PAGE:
Haven Knox-Johnson




16 Issues for the price of 12 - £15
Subscribe Today
In This Issue >
Latest Issue >
Subscribe >
Back Issues >
Contact Us >

Alternative flash content

You need to upgrade your Flash Player

Get Adobe Flash player

Signup to receive the FREE All At Sea e-newsletter

A buoyant Vintage
Thursday, 03 April 2014 09:01

A buoyant VintageSomerset Cider Revival

DESPITE the floods, Somerset’s only cider-brandy distillery kept on going.

“We are still heavily flooded and most of the roads to our farm shop are blocked. But we are still in business for ciders and cider brandy via our website, with a daily courier truck that gets through the one road that is passable and the distillery is operating and saving our business.” That was how Julian Temperley of the Somerset Cider Brandy company last month described his survival as floods surrounded his Pass Vale farm, near Martock in the Somerset Levels. The apple orchards were wet but not flooded and the distillery had been working all through the winter months, distilling “until the apple blossom arrives”.

This is the only cider farm in Somerset with a licence to distil, granted in 1989, and since 2008 Somerset Cider Brandy has had its own regionally defined, EU-approved AOC (Appellation d’Origine Contrôlée). Distilled in Somerset using only Somerset-grown apples, it is the English equivalent of French Calvados.

The changing face of powerboat racing
(1 vote, average 5.00 out of 5)
Thursday, 03 April 2014 08:55

The changing face of powerboat racing

Powerboat racers have, in the past, been described as ‘Moet maniacs and beer bellied guzzlers’ - a type of man with copious amounts of loose change to pay for his hobby. But if this is your perception, stop right there! It’s time for a rethink.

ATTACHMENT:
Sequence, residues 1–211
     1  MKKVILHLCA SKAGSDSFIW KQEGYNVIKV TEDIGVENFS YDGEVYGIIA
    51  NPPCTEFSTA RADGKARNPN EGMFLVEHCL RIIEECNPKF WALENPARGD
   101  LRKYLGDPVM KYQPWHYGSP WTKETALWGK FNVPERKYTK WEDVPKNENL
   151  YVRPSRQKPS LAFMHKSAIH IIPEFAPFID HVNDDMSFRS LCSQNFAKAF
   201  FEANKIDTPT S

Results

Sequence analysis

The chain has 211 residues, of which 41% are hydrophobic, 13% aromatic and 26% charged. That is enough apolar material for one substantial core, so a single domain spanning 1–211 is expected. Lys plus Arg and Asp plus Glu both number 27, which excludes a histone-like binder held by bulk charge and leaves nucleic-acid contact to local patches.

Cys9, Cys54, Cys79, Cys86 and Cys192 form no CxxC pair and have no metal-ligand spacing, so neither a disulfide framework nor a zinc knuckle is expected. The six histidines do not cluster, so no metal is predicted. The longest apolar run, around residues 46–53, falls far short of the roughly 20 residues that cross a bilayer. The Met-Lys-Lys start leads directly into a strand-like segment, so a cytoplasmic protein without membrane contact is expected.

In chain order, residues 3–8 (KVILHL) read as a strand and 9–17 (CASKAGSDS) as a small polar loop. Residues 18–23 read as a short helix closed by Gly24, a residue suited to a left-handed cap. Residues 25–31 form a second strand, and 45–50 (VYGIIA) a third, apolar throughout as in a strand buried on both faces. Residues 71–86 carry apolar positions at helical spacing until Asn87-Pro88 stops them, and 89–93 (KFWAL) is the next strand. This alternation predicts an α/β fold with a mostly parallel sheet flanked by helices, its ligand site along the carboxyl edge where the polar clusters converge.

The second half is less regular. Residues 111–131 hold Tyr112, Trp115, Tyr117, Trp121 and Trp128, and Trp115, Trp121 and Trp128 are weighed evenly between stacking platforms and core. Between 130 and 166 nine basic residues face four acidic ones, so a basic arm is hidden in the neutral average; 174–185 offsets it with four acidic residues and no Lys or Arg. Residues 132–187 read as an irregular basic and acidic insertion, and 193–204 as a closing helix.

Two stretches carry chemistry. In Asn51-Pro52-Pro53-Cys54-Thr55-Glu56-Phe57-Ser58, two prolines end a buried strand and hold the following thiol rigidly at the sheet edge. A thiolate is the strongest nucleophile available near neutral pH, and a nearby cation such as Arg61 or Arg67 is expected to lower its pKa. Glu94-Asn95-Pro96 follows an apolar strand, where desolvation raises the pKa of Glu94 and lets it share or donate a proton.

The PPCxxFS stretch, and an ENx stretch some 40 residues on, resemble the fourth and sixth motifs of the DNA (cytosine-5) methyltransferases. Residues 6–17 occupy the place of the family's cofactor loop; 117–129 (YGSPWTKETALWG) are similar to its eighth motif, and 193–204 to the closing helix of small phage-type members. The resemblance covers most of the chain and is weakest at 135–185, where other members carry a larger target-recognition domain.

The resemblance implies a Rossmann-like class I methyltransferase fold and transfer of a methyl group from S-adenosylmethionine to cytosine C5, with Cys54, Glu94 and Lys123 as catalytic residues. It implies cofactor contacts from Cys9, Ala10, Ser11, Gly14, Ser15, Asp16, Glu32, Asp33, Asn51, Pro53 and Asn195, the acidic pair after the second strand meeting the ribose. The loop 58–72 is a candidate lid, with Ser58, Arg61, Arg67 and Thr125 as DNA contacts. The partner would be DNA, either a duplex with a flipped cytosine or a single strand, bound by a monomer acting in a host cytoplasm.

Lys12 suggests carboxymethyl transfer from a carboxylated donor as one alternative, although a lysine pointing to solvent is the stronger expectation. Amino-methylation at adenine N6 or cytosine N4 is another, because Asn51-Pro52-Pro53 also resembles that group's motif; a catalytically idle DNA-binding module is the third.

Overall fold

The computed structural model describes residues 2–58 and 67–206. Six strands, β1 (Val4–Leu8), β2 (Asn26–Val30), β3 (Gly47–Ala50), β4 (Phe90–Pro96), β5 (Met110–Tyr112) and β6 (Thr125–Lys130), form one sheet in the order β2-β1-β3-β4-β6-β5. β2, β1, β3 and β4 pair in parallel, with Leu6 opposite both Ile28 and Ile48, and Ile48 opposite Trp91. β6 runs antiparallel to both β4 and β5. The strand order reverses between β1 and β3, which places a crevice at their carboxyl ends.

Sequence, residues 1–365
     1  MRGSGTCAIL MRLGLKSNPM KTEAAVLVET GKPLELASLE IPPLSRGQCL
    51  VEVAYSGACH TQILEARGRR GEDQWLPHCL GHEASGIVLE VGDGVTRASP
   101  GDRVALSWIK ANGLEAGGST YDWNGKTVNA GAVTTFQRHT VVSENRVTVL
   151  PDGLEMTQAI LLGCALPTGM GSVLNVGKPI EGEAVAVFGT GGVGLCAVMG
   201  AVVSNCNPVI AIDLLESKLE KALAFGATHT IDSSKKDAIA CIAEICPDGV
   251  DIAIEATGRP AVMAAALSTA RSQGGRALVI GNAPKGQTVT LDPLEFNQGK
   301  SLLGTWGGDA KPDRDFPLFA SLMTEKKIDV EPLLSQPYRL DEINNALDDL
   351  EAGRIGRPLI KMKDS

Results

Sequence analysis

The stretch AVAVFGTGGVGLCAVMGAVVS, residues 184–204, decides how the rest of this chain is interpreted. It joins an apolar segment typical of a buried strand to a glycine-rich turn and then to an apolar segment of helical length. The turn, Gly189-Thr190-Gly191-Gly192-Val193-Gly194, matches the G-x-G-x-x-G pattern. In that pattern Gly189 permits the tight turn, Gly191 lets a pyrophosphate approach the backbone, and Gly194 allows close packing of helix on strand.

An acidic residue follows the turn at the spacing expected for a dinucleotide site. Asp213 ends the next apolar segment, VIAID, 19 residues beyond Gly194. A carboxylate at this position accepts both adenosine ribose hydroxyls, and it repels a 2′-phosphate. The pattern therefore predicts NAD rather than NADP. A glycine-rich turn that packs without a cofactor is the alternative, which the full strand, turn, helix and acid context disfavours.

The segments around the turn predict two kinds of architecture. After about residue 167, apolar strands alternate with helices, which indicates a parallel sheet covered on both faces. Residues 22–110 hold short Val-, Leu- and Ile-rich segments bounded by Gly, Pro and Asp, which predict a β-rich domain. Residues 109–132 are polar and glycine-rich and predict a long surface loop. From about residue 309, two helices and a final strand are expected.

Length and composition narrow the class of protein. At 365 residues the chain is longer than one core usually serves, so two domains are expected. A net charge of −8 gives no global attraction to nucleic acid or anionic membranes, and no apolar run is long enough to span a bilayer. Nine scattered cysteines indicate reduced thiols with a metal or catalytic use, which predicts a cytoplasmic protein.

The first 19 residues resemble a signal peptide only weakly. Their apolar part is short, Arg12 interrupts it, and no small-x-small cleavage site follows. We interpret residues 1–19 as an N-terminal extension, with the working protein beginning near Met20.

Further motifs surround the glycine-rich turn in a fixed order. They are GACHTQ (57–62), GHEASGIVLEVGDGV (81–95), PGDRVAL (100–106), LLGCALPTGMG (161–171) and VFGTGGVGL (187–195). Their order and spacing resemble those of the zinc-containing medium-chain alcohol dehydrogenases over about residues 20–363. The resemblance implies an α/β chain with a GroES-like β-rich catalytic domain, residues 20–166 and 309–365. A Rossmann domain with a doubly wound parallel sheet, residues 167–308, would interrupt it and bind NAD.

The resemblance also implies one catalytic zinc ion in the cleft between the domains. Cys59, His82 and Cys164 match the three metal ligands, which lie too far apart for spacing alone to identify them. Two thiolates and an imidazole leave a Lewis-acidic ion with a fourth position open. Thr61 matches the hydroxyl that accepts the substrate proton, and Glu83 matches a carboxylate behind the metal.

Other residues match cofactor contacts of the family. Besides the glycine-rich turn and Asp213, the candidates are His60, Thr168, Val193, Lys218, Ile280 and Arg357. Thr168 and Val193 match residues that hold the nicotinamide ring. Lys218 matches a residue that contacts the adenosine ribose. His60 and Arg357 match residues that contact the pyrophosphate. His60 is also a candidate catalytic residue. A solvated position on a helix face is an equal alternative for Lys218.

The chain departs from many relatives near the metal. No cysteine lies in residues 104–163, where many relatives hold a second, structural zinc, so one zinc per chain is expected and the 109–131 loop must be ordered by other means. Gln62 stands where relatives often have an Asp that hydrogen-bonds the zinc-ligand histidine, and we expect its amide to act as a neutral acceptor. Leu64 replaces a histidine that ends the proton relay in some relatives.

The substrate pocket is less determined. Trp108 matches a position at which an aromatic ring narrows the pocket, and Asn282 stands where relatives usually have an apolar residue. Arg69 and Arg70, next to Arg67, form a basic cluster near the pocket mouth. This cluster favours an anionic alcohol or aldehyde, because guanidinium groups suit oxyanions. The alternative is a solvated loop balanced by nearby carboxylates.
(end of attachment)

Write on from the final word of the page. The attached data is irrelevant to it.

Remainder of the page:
It is, after all, the 21st century… Today’s generation of racers look for credibility, justification and ethics; they often hold down full time jobs whilst still expecting an abundance of fun and an adrenalin rush from their weekend adventures.

From grass-roots upwards, it is now all about accessibility, inclusivity and diversity.  

2014 sees the launch of an aggressive approach to rebrand and market this unique and exciting world class sport – spanning both offshore and circuit racing; eradicating old illusions of the past and the misguided synopsis that powerboat racing is dying out.  

Great white shark diverts away from UK waters
Thursday, 03 April 2014 08:50
By: Jane Swan, The Green Blue

Great white shark diverts away from UK waters

Marine wildlife in the spotlight
The great white shark Lydia – all 14ft and 2,000lbs of her - is now reported to be heading away from the UK and veering northwest according to Ocearch, an international research organisation operating from on board vessel MV Ocearch, complete with at-sea laboratory and a 75,000lb capacity hydraulic platform.